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Lethbridge Herald Newspaper Archives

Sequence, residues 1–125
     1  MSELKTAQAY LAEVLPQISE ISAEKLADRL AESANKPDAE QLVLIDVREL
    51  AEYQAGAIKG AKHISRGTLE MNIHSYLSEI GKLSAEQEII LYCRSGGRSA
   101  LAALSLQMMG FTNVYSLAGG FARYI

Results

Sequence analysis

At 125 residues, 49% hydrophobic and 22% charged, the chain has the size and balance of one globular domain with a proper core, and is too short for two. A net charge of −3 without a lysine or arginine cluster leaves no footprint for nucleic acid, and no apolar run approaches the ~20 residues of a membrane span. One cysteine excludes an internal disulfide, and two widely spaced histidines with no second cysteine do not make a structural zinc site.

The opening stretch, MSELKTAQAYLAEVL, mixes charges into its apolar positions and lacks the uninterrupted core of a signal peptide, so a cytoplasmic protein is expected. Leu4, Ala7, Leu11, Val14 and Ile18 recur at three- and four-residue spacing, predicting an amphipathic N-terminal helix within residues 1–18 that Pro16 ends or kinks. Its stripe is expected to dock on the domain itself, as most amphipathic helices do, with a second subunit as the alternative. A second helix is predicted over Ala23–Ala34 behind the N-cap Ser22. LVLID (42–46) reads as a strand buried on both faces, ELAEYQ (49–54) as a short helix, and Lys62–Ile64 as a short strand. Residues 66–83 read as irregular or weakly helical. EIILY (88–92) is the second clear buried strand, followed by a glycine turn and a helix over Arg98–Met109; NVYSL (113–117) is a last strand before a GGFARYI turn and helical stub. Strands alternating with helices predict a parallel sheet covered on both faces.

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Lethbridge Herald, The (Newspaper) - May 29, 1970, Lethbridge, Alberta Diversity Key In Years Ahead By J. G. CALPAS, P.Ag., Regional Agriculturist Alberta Dept.' of Agriculture, Lethbridge last week we reported a 25 percent to 30 per cent increase in winter program actdvites on the part of our Extension staff in the Southern Alberta region. Most of the additional activity was the direct result of re- quests from farmers and farm groups who are responding to rather major enterprise adjust- ments and seeking alternatives to grains in their operations. Interest has been highest in the critical appraisal of wheat sit- uation but s i m u 11 a n eo usly many new inquiries have1 come in regarding alternative oppor- tunities to shift to beef-feeding, cow calf operations, hogs, oil- seed crops and a host of others such as seed peas, grain asm, buckwheat, lentils, sunflowers and safflower. We also suggested that if the recent Task Force Report guidelines are a blueprint for agriculture in the seventies, that our present base in Alber- ta should lend us a head start. A series of events and trends in southern Alberta over the past six months lends a note of optimism to an otherwise gloomy agricultural situation. Following are some of the key developments: The declaration of the southern region under, the He- gional Economic Expansion Act has already made possible federal capital grants to sec- ondary agricultural industry fa excess of 1.5 million dollars and include. Kainai Industries Vauxhall Foods, Newell Vege- table Growers at Brooks, anc Swifts and Canada Packers at Lethbridge. These industries will inten- sify our agriculture with the shift to livestock and row crops end will also create more off- farm job opportunities in the rural areas. The 'bouyant prices for beef and pork along with low- er feedcosts are stirmilatinj more commercial feedlots anc establishment of new hog bams with the view to permanent vpl ume production. TWs winter, 60 per cent of all the Alberta cat tie on feed are in southern Al berta. Holdbacks of female stock point to expansion in cow calf operations. Presently some U.S. cattle are also on feed or grazing under bond for return shipment. A strong Hog Grow ers Association has been or ganized in the south and this group engineered now increas ing shipments of live hogs to Jontana and Washingron there- >y strengthening the whole Al- berta market. e Indications are there will be about a 30 per cent reduc- tion in wheat 'acreage for 1970 in southern Alberta. While the jIFT program may be some ncentive, it is a known fact that many dryland fanners made a substantial adjustmenl o other crops a year ago anc iirther reduction this year would have resulted without jIFT program.. Strong rapeseed prices xmit to a near tripling of this a-op acreage in the south this year. While this situation has definitely increased the cost of raw material to local proces sors, ultimately more of it wl )e available closer at hand. e While there has been some cut-back in sugar beet and can ning crop acreage, this has been more than off-set by in creases in potatoes, provincial ly about 20 per cent, but high- er in the Taber Vauxhall area where acreage now exceeds 11, 000. Other crops which are on the move upward are carrots onions, turnips and parsnips. An Alberta Corn Council has been established for co-or dinated testing of hybrids aw general promotion of the corn crop in the south. Some acres have been seeded this year for grain com. If the grow ing proves economic, ther appears to be a potential mar ket for some acres o corn. e Several other crops being tried such as sunflowers, lentils azuki beans, buckwheat, anc others may find potential mar kets in Japan or Europe if w can market them competitivel; and if price levels are suffi cient to return the growers profit. The accelerated effort of the Provincial Department of Agr culture in management, mar keting and product promotion combined with the ingenuity o our research and agri-busines agencies should help progres sive Alberta farmers make the necessary adjustment. If so hopefully, in ten years we ma be looking back at the eurren wheat crisis as .NEWS NOTES A supplementary rye quota authorized by the Canadian Wheat Board, has raised the quota to 13 bushels per seeded acre. This rye quota expires June 30th. ARABIAN IMPORT Frank Johnson, Lethbridge, is shown with Zarife's Gazari, an 11-year-old part bred Arabian mare, and her three quarter Arabian foal. Sodden Storm. The mare was, imported from Idaho three years ogo, and has since won the western pleasure championship award, six halter awards in the U.S., and has placed in both Calgary and Red Deer Ara- bian shows. Southern Alberta Insects By STEVE BAREHAM Herald Farm Writer The dry weather southern Al- berta has been experiencing over the over me last iwo numma spell trouble in the form of in- lafe sects for farmers in the area. n length. Cutworms are gener- ally a slate grey in color. The best action against cut- is prevention. This may 3e achieved by leaving a crust of fields over and early fall. If cts or armers in e not practicai, may The usual insect pests that be used in late spring, but stub- fest farm land in southern Al- ye should not be fed to live- mien ituiii ictuvi oie SIHHUU mju "e leu tu uvt? berta are the following: Wire- stock following this action, worms, Cutworms, Wheat Stem Scientists at the Lethbridge He- Sawfly and the grasshopper. search Station are now work- Wireworms are classified into mg on sex attractants in cut- two main categories, Praine Grain and Sugar Beet Wire- worms. They are actually the larvae of the "Click and are yellowish in color and from one half inch to one inch long. Wireworms mainly infest wheat, with the only means of practical prevention being seed treatment (one half ounce of al- drin or beptachlor per-bushel of Seed should only be freated against wireworm if there has been signs of infesta- tion in the previous year's crop, or in newly broken land. Wirewo r m s were responsible for worth of seed treat- ment in past years. Cutworms are classed into three main categories, Army, Red Back and Pale Western. They are soft bodied, and from one and one half to two inches worms which they hope lead to better control of this oest. (Sex attractants are rela- tively new to research 4work, whereby female sensors are used in a specially controlled area to attract large masses of Wheat Stem Saw-fly, are hard to control and very de- structive pest. The best means again is prevention, mainly in the form of resistant varieties such as Cyprus. (Cyprus wheat is effective because it has solid stems, and does not allow the female fly to deposit eggs in the The larvae of the saw-fly are white and about one half inch in length. They have been esti- mated to "cause million dol- lars worth of damage annually in Alberta and Saskatchewan. GO FIRST CLASS! GO TRAVELALL! TOTAL NEW DESIGN NEW FASHION! Lower on the outside, softer and more luxurious on trie inside. Wood grained pan- elled sides are optional and you have four sparkling contemporary colors lo choose from with interiors color-keyed 10 exteriorsl NEW ACTION I Outpulls any wagon on the road. Pick the power train you a husky six to a 235 hp V-8 linked with automatic trans- mission, 2-wheel drive or 4-wheeI drive. Sturdy "frame fights sway, even with i 30-foot skiff on the hitchl PRICfS START AS LOW AS IONALB SEE YOU AT THE... TODAY AND TOMORROW International Harvester Sales and Service 304 Stafford Drive, Lethbridge Phone 327-3125 Grasshoppers have different.species characteristics and some species are much more harmful than others. For the best part general surface spraying when the hoppers are in the young nymph stage is the most effective. During peak years, -grasshop- pers have been .accredited with million worth of damage to grain crops. One dollar's worth of Insecti- cide saves worth of damage. TOBACCO MISSION A Canadian tobacco trade mission sponsored1 by the De- partment of Industry, and Commerce recently visited markets in Japan, Great Brit- ain, Germany and Australia College Mercury Appointment STEVE DAKU Mr. Glen Richardson, General Sales Manager of College Mercury is pleased to announce the appoint- ment of Mr. Steve Daku as tales representative. Steve is a married man and has over 12 years in the Auto- motive field. welcomes all his many friends and customers to drop into Col- leg Mercury and see him for your auto Calendar Of Farm Events June 2 Milk River Operation Lift Workshop (Procedure for Completion of Various forms) June S Mountain View Pocket Gopher Control Demon- stration (Burrow Builder Machine) June 3 Barons Operation Lift Workshop June 4-6 Red Deer Annual Convention Alta Institute of Agrologists "Food for the Seventies" theme June 4 Lethbridge Unif aim District 14 Convention June 6 Claresholm 4-H Beef Show and Sale June 6 Bassano 4-H Beef Show and Sale June 6 Edmonton University of Alberta Feeders' Day June 8-10 Banff Cattle Marketing Workshop June .10 .Brooks Southern Alta Poultry Council Tour (Mortensen Farms and Prov. Hort Station) June 10 Picture Butte-Taber Manpower Sugar .Beet Labor and Housing Tour Friday, May 29, 1970 THI UTHBRIDCE HEUAIB n LETHBRIDCE RESEARCH STATION Complex Aphid Problems DR. .A. M. HARPER Entomologist Farmers and gardeners sometimes use insecticides un- necessarily. Treating to control aphids in various crops is fre- quently an example ot such un- necessary use. Aphids occur on most cereal, orage, and vegetable crops and on many trees, flowers, and shrubs. At the Lethbridge Research Station we have iden- ified over 125 aphid species tat occur in Alberta, but only a few are serious pests. Aphids damage plants by sucking their juices. A severe aphid infestation will reduce he vigor and yield of the crop and plants may even be killed. Aphids also contaminate edible jarts of plants and are capable )f transmitting destructive vi- rus diseases of plants. Weather is the main factor controlling the rise and fall of aphid populations but a popula- tion also may be checked by predators such as ladybird beetles, syrphid fly larvae, or lace wing larvae. There are also several parasites and dis- eases that keep the aphids under control. Of the crops that aphids at- tack, alfalfa is probably the most seriously affected. In one a r e a, of Alberta, alfalfa fields infested with the pea aphid were sprayed with insecticides. In many of these fields we found1 that the insecticide kill- ed the beneficial insects that had been controlling the aphids. In some fields, thrips, another pest of alfalfa, in- creased in numbers probably as a result of the insecticide killing the insects that had kept the thrips under control. Some farmers in the same area noted a small infestation of pea aphids in their alfalfa fields and sprayed the fields with in- secticide to prevent the aphids from moving to adjacent flax crops. Their efforts were trait- ed however, as in- fest alfalfa do not attack flax. The decision as to whether to spray an alfalfa crop for aphid control is not reached simply, ilany questions must first answered. Is the field heavily popu- ated'with aphids? Unless plants are very heavily Infest- ed most alfalfa crops can with- stand aphid feeding without se- rious damage. Watch for build- up of the population. Do the plants wilt and fall to recover after being irri- ated? Wilt also can be caused Dy diseases such as bacterial wilt or crown bud rot. If the crop does not recover and the plants are otherwise healthy, spraying is probably necessary. Can the crop be harvest- ed before aphid damage be- comes excessive? Some fields are treated only a few days be- fore they could be normally harvested. Treating these fields is a waste of money and ef- fort and could create problems with insecticide residue in the crop and kill many beneficial insects. If spraying is thought to be necessary, can lightly in- fested parts of the field be left unsprayed to allow the buildup of parasites and predators? Is the crop being used by bees for producing honey or be- ing pollinated by leafcutter bees? If it is, any spraying that is considered necessary should be done when the bees are not in the field. Use an in- secticide having a low toxicitr to bees. What insecticide should be used? Recommendations change frequently. Consult your District Agriculturist for the latest recommendation. Care- fully follow the cautions and directions printed on the label. Bunny Rocketing across the East Side of the Lethbridge Pilsner label is the hottest Huprriobile in town. That's them. The original Bunny and Clyde. And they've got trouble, see? 'Cause there's a shotgun-totin1 sheriff in that stagecoach. And if he doesn't nail them, the Mad Bomber in the biplane will. Unless Crazy Horse and the Seven Nations get there first. It's a razzamatazz old world on our label, Happily though, things are much quieter inside the bottle. There you'll find Alberta's original Pil brewed the slow, natural way for honest flavour's sake. No one can steal that. AFTER THE FAMOUS FORMULA OF THE HOME OF LETHBRIDOE ;